Public relations firms across the universe are gasping in horror and disdain at the idea that you might exercise a little Do-It-Yourself muscle on your next PR plan. And while I’m as eager as the next to help you launch your project and tell your story, budget constraints and unbridled enthusiasm often fuel DIY PR. If you’re headed down that path now, put on the brakes to read this.
And take a few notes.
Here are a few of the most common, but avoidable, mistakes made by the novice PR folks among us.
Reporters on different beats at different publications may quarrel about the exact definition of newsworthiness, but there is little disagreement that it will contain the following elements:
- significant impact to readers
- geographical proximity or prominence
Timely stories, much like the office refrigerator’s real dairy creamer, have expiration dates. If your company merged six months ago, that date has passed, and no one wants your real dairy creamer – or your merger story - anymore.
The impact of your news pitch should be broad, and unless you’re one of the largest employers in town, it should include more than just your employees. Think broadly on this question - what is the impact on your industry, your community, jobs or wages? Multiple angles can be highlighted.
Geographical proximity is important when pitching to local or regional publications. Where geography matters less is when you are a prominent figure or company within your industry. It will always be easier to find interested reporters when you’re The Big Dog.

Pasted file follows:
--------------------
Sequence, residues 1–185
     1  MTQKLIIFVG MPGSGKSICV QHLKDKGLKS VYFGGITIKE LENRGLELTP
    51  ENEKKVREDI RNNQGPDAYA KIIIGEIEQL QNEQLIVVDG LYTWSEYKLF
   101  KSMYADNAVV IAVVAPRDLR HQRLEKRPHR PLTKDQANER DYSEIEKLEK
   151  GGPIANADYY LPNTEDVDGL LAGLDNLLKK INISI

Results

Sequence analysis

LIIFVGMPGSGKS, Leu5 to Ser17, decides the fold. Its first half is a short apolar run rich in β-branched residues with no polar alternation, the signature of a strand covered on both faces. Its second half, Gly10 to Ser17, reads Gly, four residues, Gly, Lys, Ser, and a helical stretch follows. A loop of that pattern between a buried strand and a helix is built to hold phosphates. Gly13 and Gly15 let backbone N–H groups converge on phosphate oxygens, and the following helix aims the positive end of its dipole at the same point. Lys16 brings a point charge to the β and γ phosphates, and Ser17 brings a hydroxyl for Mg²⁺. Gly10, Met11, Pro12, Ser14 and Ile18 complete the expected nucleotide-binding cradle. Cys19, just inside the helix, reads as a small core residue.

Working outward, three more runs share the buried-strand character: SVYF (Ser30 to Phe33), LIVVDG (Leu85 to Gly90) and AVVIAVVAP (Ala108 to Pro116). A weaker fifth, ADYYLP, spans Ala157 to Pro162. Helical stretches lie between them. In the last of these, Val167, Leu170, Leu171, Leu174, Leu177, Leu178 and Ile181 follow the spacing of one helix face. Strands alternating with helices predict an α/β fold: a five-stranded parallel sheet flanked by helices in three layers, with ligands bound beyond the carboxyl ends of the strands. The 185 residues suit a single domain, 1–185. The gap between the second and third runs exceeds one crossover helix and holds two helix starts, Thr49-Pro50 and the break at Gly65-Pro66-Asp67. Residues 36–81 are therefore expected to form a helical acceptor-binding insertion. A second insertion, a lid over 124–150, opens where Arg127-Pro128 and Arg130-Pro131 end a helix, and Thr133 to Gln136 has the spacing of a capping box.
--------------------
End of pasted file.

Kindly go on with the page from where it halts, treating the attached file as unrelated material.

When considering a media pitch, use this checklist to determine whether this is the right time or story opportunity to make your case.
Missing the Target
Your goal is to have a story placed, right? One of the fastest ways to miss your target is to aim your pitch at the wrong reporter. Local news folks don’t always have defined “beats” or areas of focus like they used to, but you should do some research to ensure you’re targeting the correct reporter. Most local papers still have a business editor and health reporter; depending on your business, be sure you’re pitching the right person.
Forgetting the Little Guy
Everybody wants their business’s story in the Wall Street Journal, right? The truth is that those placements will be few and far between, because the WSJ’s newsworthy bar is higher and more global. Your business may reach a bar of significant impact to a local paper because you’re hiring 25 new people. That won’t meet the newsworthy criteria for a global publication.
That being said, if you work in a specialized industry with your own world of trade publications, growth and jobs and new innovations would be more appropriate. They won’t have the distribution numbers of the WSJ, but it will be much more targeted to your audience and more impactful for your business.
Being Weird and Pushy
This common mistake category covers a multitude of small errors that add up to missed opportunities. These include calling a reporter more than three times trying to convince them to run your story. Asking to read a reporter’s article before it’s published. Telling a reporter you’ll buy an ad if they write nice things about you (this may work with trade magazines, but never with serious journalists). And using over-the-top language or punctuation in your press release. Because seriously, if you use more than one exclamation point, they’re done.
Be thoughtful in the construction of your media release and your pitch to reporters. If you aren’t already, become a regular consumer of the news outlets you’re pitching and understand the language and cadence of their writers. Your media release should reflect a news style of reporting, not a marketing brochure.
Related: Is it Time to Hire PR Firm?
Pitching your own story can be daunting, but knowledge is power. So suit up, learn the basic do’s and don’ts, and make your next pitch your best pitch ever!
Topics: Public Relations